Naked in the Wind
Price Rs 250
Number of Pages 261
Fifteen years ago V. Vasu disappeared from his house on Campbell Road in Bangalore–a locality where middle class people live. Where did he go? After the first few ashrams he sought refuge in, his letters stopped. Through multiple narratives we are told the story of those he left behind: his anguished `loose-screw’ pill popping wife, V. Shanthi; his mother Jamuna; his daughter Priya; the sassy servant, Rani; an Anglo-Indian neighbour Marie Richardson and her teacher-daughter Kathy, now dating Vasu’s IIT- educated son Vivek.
Till unexpectedly, midst first-person ramblings, we find guru Vasu, returned from vanaprashtha, fingering rudharaksha beads, almost as if he slipped in through the back door. But he is not alone. With him comes overzealous, disciple, Anand, who has nursed him through TB, and who will not leave him alone. A change of tone follows as the plot becomes ominous. We grapple with the fundamentalist politics of the last decades as we unravel the reason for their arrival, only to find Rani’s new lover– an undercover policeman– too wants to know. Overtly the good-looking Anand is simply collecting money….for a temple…the grandest ever known. Predictably his mission is to save besieged Hindu Culture. But a canker has entered the multiculturalism of Campbell Road….how will it end?
Now the plot turns portentous. It interlinks with the happenings at Globe Circus, tented at the Gymkhana grounds. This is told through yet another first-person narrative of Sapna, the Circus’s transvestite. Suggesting an allegory of sorts, bramhachari Hindu Anand falls in love with Sapna’s adopted daughter, a Muslim acrobat. Supposedly Anand has this snake-like mesmeric effect on people, outwardly young and beautiful but vicious in his sting. But we don’t really feel it.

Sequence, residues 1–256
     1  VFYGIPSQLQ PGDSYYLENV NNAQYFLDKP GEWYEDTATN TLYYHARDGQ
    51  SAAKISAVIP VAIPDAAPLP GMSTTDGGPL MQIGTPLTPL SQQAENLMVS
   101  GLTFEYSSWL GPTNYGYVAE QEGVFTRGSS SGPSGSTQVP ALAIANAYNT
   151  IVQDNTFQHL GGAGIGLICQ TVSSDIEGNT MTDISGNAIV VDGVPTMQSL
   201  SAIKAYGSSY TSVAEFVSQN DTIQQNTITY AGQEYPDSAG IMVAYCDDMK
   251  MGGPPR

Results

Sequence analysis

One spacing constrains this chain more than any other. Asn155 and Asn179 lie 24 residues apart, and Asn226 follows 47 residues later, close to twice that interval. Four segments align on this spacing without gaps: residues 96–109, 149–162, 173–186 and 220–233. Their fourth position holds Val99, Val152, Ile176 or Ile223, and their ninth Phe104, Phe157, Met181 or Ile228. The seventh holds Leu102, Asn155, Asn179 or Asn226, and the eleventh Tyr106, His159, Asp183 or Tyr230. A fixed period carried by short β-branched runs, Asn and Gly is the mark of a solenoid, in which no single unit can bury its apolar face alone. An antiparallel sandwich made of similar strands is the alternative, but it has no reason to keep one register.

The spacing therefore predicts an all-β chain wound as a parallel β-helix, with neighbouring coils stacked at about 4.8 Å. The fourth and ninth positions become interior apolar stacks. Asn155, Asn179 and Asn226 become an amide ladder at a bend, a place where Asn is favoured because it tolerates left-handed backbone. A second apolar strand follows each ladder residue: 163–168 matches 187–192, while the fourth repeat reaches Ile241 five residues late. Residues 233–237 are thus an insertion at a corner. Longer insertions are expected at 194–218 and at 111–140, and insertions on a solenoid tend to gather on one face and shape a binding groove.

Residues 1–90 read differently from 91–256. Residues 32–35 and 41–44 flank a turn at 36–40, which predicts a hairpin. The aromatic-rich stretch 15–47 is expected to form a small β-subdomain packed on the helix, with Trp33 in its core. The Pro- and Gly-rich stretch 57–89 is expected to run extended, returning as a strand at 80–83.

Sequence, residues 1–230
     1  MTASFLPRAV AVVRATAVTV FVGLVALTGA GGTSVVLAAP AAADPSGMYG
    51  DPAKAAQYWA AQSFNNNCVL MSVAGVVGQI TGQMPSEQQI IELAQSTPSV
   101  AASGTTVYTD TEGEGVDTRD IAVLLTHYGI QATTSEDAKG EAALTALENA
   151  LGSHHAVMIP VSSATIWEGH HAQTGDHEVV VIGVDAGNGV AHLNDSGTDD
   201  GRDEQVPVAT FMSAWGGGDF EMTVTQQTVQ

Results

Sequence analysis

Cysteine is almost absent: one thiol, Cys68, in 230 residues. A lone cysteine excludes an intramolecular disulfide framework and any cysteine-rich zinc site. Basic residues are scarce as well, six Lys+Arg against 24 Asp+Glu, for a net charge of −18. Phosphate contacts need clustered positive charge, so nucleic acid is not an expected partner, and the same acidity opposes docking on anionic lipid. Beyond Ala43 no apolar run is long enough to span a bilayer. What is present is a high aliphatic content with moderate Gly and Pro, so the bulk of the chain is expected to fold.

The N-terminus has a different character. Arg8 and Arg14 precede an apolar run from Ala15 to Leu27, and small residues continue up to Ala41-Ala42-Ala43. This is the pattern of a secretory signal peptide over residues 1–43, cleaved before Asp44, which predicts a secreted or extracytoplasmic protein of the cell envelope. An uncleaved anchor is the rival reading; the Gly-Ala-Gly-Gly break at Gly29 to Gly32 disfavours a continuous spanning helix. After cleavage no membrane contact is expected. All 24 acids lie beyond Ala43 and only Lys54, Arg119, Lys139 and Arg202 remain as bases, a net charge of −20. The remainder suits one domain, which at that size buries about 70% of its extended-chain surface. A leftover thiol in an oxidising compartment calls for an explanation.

Meanwhile the rape of nuns and burning of churches swathe the backdrop with shades of saffron. And suddenly the Circus goes up in flames. Outward violence is graphic, but the final denouement is shown with gentility and restraint.
So is the book about Hindu religious exclusivist politics? A didactic and forceful, Yes. About the nature and context of insanity? Yes, too. Does it posit the question of who is an outsider? Yes again. Clearly big themes absorb the writer. Universal Truths. And she has both passion and exemplary craft to deal with them… her prose rolls like a film capturing the moment articulated, with amazing exactitude. But she misses her defining moment—Vasu’s disillusionment.
The story meanders. The plot thickens…and thickens… but doesn’t boil over. Ironically while most situations/characters are superbly and finely etched, the raison d’etre of the most pivotal ones, Vasu and Anand, (and their mutual relationship) fails to convince. Almost as if the writer is trying too hard to imbue them with an intent they did not really have.
This review was published in Outlook India, here.